This autumn, as I have begun leading philosophy sessions on Zoom with children again, I have spent some time considering more deeply my role in these sessions. Part of my job as an educator is to help children learn to articulate and examine their questions and beliefs more lucidly. Additionally, though, I am responsible for helping to create an environment that nurtures understanding and trust and values each child’s voice. I consciously approach my sessions by working to develop spaces for children to explore the questions that matter to them, without imposing my own views about which questions or conversational threads are particularly significant or interesting. 

I have been thinking about the relationship between the facilitator’s responsibility to construct a framework for the emergence of high quality philosophical conversations (introducing philosophically suggestive prompts, asking good questions, helping to ensure that every voice is heard, intervening in stalled discussions) and the importance of the conversation being authentically the children’s inquiry, so that my questions and comments do not push the discussion in a direction that comes from me and not the children. It is easy to say that it is what matters to the children that should control where the inquiry leads, but in the experience it can be quite challenging to determine when to let the discussion proceed without any interference and, when it seems some intervention is needed, what to say that is helpful for the process but does not influence the content. 

We want to make sure we are giving children the space they need to think through and express their thoughts without superfluous intrusion by the facilitator. There is a fine line between responding in ways that help others tease out their own ideas and altering what they mean to express. Especially because of the power adults have relative to children, and particularly in a classroom (virtual or not) situation in which I am seen as the expert in the room, it is all too easy for me unintentionally to sway the conversation’s focus. 

Paraphrasing what a child says, for example. Sometimes we try to help children convey their thinking more clearly or fully by suggesting a different way to say something. “Did you mean to say . . .?” Although this approach can be a useful way to help a child to communicate a thought, it can also result in putting words in children’s mouths, thinking that we already understand what they are saying and that they just need our assistance to articulate their thoughts more precisely. This practice risks distorting or silencing what the child has to say.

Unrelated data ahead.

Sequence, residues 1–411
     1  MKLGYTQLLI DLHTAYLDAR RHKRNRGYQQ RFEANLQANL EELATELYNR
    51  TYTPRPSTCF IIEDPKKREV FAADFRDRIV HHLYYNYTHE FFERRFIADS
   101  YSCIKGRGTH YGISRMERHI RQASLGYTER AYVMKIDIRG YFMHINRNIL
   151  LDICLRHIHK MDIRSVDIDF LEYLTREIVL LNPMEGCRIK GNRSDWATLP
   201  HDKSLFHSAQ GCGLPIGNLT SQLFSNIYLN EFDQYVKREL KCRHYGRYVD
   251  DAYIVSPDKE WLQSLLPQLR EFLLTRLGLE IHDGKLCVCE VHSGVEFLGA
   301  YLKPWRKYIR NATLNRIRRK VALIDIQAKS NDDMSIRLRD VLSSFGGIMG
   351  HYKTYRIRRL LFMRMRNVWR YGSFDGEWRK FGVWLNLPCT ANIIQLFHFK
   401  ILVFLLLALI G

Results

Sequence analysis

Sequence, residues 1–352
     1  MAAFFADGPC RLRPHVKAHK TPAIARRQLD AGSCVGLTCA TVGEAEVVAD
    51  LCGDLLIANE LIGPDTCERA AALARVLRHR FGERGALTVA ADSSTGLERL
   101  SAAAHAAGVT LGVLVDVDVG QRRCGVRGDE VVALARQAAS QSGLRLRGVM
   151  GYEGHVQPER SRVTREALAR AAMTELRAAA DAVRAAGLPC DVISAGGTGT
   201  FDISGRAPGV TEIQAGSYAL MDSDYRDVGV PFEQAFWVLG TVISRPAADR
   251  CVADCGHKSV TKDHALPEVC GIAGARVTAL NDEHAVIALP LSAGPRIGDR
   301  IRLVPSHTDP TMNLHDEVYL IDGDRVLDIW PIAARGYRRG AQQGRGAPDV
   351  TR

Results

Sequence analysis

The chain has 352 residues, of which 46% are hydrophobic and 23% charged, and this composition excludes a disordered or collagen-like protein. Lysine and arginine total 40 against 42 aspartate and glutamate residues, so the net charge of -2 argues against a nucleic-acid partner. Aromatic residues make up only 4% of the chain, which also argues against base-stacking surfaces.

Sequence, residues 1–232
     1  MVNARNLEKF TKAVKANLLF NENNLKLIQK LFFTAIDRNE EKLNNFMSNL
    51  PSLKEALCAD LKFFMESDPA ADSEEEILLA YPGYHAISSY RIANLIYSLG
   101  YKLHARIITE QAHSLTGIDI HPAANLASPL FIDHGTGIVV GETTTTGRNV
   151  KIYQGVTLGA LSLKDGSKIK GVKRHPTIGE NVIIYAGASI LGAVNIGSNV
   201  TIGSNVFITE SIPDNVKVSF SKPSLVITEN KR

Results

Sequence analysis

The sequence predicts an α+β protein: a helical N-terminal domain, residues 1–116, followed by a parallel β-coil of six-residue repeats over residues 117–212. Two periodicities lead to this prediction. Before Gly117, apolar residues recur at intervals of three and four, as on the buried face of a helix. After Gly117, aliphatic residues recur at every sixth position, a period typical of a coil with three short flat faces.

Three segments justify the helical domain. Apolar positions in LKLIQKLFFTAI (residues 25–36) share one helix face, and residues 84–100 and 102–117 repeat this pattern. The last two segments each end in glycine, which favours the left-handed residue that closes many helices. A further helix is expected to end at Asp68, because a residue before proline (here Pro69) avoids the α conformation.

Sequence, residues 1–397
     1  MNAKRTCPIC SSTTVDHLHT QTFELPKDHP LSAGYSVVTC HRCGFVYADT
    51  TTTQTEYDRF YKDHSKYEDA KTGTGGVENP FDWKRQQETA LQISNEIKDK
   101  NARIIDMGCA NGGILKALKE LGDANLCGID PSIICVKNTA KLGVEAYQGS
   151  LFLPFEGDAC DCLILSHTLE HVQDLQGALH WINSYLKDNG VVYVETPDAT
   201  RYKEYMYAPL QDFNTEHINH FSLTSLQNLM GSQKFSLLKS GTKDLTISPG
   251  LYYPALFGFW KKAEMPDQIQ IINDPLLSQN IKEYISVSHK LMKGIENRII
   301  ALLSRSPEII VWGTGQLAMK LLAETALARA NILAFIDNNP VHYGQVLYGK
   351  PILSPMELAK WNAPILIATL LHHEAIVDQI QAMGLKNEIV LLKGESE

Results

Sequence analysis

Moreover, when we mistakenly interpret or rephrase what we think children mean to express, they can hesitate to tell us we’re incorrect. In these situations, a child may naturally assume that the adult knows more and therefore instinctively agree, even though the rephrased comment actually misrepresents the child’s thinking. 

I am aware that, at times, after a child has spoken I have jumped in too quickly with a clarifying question or description of what I thought the child meant, only to realize retrospectively that I had let my own ideas or interests get in the way of what the child actually wanted to say. If I really want to understand that child’s point of view, that point of view has to take priority. Listening and asking questions from a place of curiosity and respect, and letting go of one’s own agenda, can cultivate a space in which children can think their own thoughts and express their own ideas in their own ways. 

But the practical challenges remain. If I observe that a student’s remark seems to involve a philosophical undercurrent that is not explicitly stated, should I ask a question that delves into the deeper meaning of the child’s words? Is there a way to do this that does not steer the conversation in ways that interest me but weren’t on the children’s minds? Isn’t my job to recognize the philosophical themes underlying the children’s questions and comments, and help the children to see them, or does that risk distorting what they desire to explore? Or am I overestimating my potential influence on the inquiry?

I often say that the most successful sessions with children that I have had involved thoughtful philosophical discussions that would have continued if I had left the room. The quieter I am, and the more the children are focused on their conversation and what others in the group have to say, the more authentically is the inquiry the children’s own. That takes time and practice, however. The facilitator’s challenge is to balance assisting the children in learning how to have a vibrant and reasoned philosophical conversation with ensuring their ownership of the philosophical space. Perhaps being a “quiet facilitator” should be one of the goals of a philosophy class, so that as time goes on, the children grow increasingly skilled at managing the inquiry themselves, and the facilitator becomes more and more quiet.

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